I do not think Nicola Sturgeon is intransigent. There may be value in her allowing her enemy to think this and then blindside him. I also believe she will emerge from this well-handled national emergency transformed, confident and impatient.

    What Nicola really needs – like she needs oxygen -is the confidence that the majority of the nation will back her when she and her government strike for independence.

    When the polls show consistent and clear majority support for independence and when the people are clearly and loudly demanding the final showdown; we will see if she has the stomach, the wherewithal and the ambition.

    She needs to win the battle in Scotland first and needs to know she has won. After that, the rest will take care of itself.

    “Victorious warriors win first and then go to war, while defeated warriors go to war first and then seek to win”
    ― Sun Tzu, The Art of War

    Liked by 1 person

    1. Not events. Actions! Macmillan was making excuses, not waxing wise.

      Nicola Sturgeon has, in my experience and to the best of my recall, been likened to a samurai warrior, a military commander, a chess master, a professional poker player, a fox, a fly and a top exponent of too many sports and arts to mention. The one thing she is rarely likened to is the leader of a national liberation movement.

      While it might be nice to have all those other things, it’s appropriate leadership that we really, really need.

      Liked by 1 person

      1. I’m agreeing with you, Peter. I am just saying things are not as bleak (yet) as you seem to think, although I accept you have heard it all before.

        When I say events cause changes, I mean they present opportunities. A good leader will take advantage of these occasions.

        I am also saying is that I believe before the end of this year we need to see what Nicola Sturgeon is really made of. The fight for Scotland’s future is definitely heading for a climax.

        The final showdown should be at a time of her choosing and she needs to win. That is how she will be judged.

        I want this fight to be won before Brexit.

        Liked by 1 person

        1. I am a realist. With a pretty good understanding of politics and people. I find no cause for optimism. No reason for hope. I challenge anybody to describe a credible process by which we get from here to independence. Or even to a referendum. Those who don’t understand the terms “describe” and/or “process” should refrain from wasting my time and testing my patience with wishful fantasies.


    2. Lions 67 – might I suggest we are up against a dithering First Minister, a quality not lost on the Westminster brigade who are quite happy to play along with the Section 30 fallacy as it contains no threat to the established order.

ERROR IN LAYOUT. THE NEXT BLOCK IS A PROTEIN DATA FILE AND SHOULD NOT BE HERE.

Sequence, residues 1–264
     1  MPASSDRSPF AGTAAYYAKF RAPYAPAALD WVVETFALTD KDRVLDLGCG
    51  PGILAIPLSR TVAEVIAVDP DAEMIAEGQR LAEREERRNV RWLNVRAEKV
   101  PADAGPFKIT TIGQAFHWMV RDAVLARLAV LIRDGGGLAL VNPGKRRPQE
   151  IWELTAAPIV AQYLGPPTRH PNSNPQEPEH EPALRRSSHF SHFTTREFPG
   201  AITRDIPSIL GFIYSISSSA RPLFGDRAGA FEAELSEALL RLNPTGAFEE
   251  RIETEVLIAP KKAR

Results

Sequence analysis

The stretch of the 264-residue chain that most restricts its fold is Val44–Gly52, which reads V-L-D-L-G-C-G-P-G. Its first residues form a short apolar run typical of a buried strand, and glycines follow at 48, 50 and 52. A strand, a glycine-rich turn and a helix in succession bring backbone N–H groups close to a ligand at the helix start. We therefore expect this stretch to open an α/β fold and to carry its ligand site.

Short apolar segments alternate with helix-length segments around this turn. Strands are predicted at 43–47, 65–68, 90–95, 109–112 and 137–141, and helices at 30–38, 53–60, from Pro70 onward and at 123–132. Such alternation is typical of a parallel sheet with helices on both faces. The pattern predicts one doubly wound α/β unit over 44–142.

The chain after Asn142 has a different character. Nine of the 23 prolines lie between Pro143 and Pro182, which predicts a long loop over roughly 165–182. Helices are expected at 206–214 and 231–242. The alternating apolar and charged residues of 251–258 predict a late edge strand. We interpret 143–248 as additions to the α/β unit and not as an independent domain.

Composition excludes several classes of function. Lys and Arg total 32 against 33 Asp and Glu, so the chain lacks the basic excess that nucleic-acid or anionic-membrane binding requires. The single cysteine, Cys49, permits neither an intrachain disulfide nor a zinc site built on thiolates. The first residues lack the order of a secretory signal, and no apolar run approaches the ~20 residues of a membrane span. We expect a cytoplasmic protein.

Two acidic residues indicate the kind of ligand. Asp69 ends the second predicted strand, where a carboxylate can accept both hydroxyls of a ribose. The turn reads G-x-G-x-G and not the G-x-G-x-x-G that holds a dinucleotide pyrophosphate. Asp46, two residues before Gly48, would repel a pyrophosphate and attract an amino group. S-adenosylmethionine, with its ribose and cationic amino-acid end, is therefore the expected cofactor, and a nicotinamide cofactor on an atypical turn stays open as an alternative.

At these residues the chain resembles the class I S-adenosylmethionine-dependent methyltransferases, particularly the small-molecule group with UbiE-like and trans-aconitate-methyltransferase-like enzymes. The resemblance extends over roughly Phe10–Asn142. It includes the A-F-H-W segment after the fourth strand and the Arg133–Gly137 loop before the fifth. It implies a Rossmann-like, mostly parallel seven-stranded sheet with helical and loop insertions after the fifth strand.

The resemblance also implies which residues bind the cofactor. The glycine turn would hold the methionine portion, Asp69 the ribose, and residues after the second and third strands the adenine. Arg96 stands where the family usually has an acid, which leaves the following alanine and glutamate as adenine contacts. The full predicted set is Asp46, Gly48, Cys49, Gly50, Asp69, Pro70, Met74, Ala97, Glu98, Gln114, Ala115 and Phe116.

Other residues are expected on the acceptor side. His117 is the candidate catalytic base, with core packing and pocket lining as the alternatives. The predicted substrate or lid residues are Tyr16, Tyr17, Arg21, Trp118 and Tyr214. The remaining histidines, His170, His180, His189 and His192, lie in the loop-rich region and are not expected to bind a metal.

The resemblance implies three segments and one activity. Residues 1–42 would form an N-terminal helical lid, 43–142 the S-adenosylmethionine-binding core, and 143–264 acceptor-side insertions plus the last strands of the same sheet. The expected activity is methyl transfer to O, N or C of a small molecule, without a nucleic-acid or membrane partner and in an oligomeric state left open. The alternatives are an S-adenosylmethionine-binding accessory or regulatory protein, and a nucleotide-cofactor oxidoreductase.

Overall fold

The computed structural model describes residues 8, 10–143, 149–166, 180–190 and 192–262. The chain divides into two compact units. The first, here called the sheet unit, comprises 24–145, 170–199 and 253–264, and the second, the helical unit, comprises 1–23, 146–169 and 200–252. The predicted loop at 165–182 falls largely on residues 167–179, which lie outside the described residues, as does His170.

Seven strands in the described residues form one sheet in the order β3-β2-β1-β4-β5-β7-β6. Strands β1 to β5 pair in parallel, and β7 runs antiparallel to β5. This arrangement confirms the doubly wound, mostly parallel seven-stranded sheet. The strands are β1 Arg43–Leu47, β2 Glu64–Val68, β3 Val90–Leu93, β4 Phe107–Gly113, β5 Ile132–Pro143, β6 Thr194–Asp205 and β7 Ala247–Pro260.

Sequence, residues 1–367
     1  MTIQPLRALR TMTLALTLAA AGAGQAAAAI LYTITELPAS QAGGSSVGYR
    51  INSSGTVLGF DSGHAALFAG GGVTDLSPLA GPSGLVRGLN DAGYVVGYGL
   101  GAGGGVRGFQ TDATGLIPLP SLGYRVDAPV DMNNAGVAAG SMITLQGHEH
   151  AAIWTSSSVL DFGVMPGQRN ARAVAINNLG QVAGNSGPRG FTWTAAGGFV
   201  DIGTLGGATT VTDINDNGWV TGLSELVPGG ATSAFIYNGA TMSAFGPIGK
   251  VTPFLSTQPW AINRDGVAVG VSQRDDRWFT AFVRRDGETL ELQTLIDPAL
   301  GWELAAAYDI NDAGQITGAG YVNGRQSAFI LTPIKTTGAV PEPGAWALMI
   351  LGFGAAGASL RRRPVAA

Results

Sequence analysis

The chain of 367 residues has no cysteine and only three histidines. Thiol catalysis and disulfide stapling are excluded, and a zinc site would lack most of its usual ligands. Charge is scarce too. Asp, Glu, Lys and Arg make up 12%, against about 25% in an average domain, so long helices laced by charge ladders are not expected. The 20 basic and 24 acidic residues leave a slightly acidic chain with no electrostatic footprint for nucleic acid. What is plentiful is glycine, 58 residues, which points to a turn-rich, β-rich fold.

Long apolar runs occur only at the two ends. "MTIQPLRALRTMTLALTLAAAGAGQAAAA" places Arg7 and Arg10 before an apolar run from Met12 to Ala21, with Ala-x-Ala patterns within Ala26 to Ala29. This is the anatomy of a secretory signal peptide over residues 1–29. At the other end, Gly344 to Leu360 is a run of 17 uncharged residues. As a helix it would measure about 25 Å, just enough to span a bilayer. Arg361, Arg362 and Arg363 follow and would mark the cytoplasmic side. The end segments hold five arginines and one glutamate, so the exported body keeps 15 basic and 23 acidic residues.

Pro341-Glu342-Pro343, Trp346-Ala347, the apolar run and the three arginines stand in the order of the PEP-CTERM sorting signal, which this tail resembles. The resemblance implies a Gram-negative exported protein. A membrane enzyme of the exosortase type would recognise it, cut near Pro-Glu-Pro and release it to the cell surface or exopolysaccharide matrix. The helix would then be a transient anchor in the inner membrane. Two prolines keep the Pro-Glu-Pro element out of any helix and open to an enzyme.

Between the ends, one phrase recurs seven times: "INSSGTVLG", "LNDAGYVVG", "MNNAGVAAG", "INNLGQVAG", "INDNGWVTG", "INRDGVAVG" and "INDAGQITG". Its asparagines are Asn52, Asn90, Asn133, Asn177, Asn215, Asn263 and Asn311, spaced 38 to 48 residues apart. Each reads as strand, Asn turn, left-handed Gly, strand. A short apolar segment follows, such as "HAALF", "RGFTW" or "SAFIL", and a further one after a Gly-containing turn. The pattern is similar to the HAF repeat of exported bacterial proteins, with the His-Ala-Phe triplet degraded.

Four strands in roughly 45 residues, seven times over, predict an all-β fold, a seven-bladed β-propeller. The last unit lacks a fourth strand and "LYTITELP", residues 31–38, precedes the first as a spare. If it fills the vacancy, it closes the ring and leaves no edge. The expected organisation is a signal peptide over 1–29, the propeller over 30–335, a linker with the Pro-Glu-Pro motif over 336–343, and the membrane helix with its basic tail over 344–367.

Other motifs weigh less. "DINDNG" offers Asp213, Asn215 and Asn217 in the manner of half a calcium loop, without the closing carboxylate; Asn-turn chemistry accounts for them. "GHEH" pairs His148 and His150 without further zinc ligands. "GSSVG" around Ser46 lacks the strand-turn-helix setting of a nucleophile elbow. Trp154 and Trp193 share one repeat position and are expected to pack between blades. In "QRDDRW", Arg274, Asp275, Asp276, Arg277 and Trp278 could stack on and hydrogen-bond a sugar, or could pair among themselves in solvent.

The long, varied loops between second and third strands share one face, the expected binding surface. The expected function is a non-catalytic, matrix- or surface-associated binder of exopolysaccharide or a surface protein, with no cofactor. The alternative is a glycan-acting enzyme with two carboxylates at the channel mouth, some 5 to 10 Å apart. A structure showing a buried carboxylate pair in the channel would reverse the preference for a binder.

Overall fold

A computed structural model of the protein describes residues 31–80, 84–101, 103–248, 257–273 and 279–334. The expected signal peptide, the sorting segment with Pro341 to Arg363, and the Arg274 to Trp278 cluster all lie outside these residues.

It might well be the case that Nicola Sturgeon will emerge from this current pandemic with enhanced credentials however, her administrative nous quite clearly does not extend to campaigning for Scottish Independence and her intransigence in this regard can no longer be seen as some form of tactical wizardry.

      It is I believe the case that the IDEALOGICAL commitment to PROGRESS Scottish Independence is not present currently within the ranks of the SNP policy controllers and we must understand that Nicola Sturgeon is a key player within that cohort.

      With regard to winning battles, many miles have been tramped since 2014 in the quest for Independence without any form of leadership emanating from the official SNP and under the continuing stewardship of Nicola Sturgeon NONE WILL BE FORTHCOMING. To win any campaign it is necessary to do just that CAMPAIGN AND TO BE SEEN AND HEARD CAMPAIGNING. Any backsliding in this regard by the SNP is to hold the principle of Scottish Independence in CONTEMPT.

      The SNP do not hold the monopoly of thought in regard to the principle of Scottish Independence and it ill behoves the hierarchy to think otherwise.


      1. Robert, I share your pain. I would find it hard to argue with anything you say.

        I reported in a previous contribution to this forum that I had recently written to my SNP MP to specifically ask when the SNP were going to deliver the end of this union. I received a reply from a parliamentary assistant which pretty much confirmed our concerns that this will depend on a referendum, sometime after the next Holyrood elections and it conveyed no sense of urgency and dodged the questions I asked about plans B through Z. This would tie in with your concerns above.

        I am trying to give Nicola Sturgeon the benefit of the doubt during this epidemic. She is a good leader and seems more than a match for anything the Tories can throw at us.

        If you read what I say, I stress that I feel a sense of urgency and that we need to see what this SNP administration is made of before we crash out of the EU on Hogmanay.

        If there is no further movement on this most critical issue by September, then I think the frustration of independence activists may boil over and serious and urgent questions need to be asked of this Scottish government. Then I will believe that the leadership is dithering and swithering and looking unfit to break the deadlock and win the prize.

        I totally agree with Peter A Bell’s mantra, ‘ Independence, nothing less and nothing else.’

        I may be an eternal optimist but I strongly believe two things:

        1. Independence will come. I believe it will be decided within the next year.
        2. It won’t be given to us. It is up to us to go out and take it back.